My reason to go to Pride
I go to Pride every year because if I don’t care about my rights enough or about my life even (sometimes, literally) to go out on the street and march for them, then I don’t deserve them.
I also go to Pride for those who cannot and who are not with us because as a community we’ve all gone out marching way too late and hate has got them before they saw equality…
The word “activist” has started sounding dirty but to me activism is always necessary.
If you see someone throw their cigarette butt on the ground instead of in the bin, then you make a remark. This is activism.
If someone parks in a disabled spot despite not being disabled or transporting someone who is, then you make a remark. This too is activism.
Activism is to shape your life as opposed to letting yourlife become the result of someone else’s actions. You don’t always get a say – but whether to come to Pride and say “I exist”, this at least you can do.
If you think you don’t need to come because you haven’t been beaten up so far for your secual orientation or gender identity, then I have these three points for you:
- I haven’t been beaten up for my pansexual orienation either. But I would like legal assurances that if the semi-literate dysfunctional skinheads do try something, then the bare fact that they attacked me FOR my sexual orientation will be extenuating circumstance as seen by the court of law. Just like it would be, were I from a different faith or ethnicity. This is a hate crime.
- When my partner and I get married, if they are hospitalised, then I should have access to medical information or, if needed, make a decision for them. Because I know what my partner would want. This can only be done by legal partners or relatives. As the law is now in Bulgaria, I am neither. I could have spent my whole life with them, to have built a home and one horrible day a car crash can take that person away while doctors are responsible (or even allowed) to tell me nothing. And I wouldn’t be able to fulfill my partner’s last wish.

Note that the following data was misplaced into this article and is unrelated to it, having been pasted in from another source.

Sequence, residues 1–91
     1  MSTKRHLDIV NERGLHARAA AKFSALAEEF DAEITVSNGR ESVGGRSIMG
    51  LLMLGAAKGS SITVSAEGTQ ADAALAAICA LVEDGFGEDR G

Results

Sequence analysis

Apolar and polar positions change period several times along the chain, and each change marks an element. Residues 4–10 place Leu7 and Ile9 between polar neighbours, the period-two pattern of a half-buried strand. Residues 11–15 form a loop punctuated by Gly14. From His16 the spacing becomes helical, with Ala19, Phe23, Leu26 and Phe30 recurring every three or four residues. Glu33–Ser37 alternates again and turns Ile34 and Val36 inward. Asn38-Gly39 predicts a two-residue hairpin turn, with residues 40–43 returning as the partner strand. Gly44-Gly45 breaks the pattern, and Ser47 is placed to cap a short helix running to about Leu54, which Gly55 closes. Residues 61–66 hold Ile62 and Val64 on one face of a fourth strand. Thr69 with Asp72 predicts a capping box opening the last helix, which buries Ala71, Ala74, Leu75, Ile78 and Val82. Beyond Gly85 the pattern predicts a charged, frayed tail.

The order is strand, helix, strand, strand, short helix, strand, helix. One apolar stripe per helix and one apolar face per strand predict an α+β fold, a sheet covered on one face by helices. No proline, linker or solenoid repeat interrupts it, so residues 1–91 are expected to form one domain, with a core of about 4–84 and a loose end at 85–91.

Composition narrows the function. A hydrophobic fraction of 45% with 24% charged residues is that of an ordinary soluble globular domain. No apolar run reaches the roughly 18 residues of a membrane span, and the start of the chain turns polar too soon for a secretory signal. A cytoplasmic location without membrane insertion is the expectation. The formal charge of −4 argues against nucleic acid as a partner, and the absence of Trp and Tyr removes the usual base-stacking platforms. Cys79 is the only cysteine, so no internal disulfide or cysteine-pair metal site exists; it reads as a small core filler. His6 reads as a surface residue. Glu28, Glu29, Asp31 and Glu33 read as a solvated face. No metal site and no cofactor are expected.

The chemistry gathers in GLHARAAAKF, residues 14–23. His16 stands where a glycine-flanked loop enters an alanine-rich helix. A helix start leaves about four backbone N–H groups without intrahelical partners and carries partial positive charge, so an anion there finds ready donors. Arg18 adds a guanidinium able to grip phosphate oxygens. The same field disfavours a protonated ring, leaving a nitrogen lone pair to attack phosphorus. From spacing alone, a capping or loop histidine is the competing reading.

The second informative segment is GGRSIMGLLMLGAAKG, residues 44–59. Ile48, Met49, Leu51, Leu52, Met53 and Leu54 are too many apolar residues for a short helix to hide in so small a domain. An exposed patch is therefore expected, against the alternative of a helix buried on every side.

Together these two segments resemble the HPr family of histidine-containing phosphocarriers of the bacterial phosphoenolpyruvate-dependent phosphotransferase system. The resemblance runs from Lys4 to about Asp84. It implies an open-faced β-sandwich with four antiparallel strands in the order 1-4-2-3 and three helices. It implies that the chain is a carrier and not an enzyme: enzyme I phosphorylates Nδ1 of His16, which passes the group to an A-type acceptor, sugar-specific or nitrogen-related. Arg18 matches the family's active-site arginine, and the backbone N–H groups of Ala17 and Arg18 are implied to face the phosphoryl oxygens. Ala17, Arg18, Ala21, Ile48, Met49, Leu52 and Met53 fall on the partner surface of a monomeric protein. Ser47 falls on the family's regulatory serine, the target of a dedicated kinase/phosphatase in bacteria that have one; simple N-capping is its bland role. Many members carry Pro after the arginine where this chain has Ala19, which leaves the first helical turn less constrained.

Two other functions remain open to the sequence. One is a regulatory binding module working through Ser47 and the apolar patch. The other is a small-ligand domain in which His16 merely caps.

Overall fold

- If we actually did decide to have children, it would be my biological child. If I die, this kid will go to a home instead of staying with their surviving parent who knows and loves it very much. You know what orphanages in Bulgaria are like. And if we decided to adopt a child, we cannot do it as a couple – only one of us would be a legal guardian. The child would, under these gruesome circumstances, once again have to go to the orphanage which we fought so hard to get It out from.
I was there at the first Pride in 2008, at the frontlines, when they threw the Molotov just meters away from my feet, I was also on the front page of “24 chasa”, the biggest newspaper in the country, the next morning. And I tell you from experience – there’s nothing scary about coming to Pride.
Since 2008 until its 10th edition last year things have changed drastically. Society accepts and understands the LGBTI community, we too accept each other more. From those 100 people back in 2008 we grew to over 3000 in 2017. And imagine how much more we can grow!
I write these words in the same day that the European court ruled that member states are obliged to recognise all marriages when issuing licenses for residency in the EU, including same-sex marriages Prides are part of the reason for this positive ruling: they give the so needed visibility of LGBTI people.
Pride shows that our rights are not – but they can and will be – equal.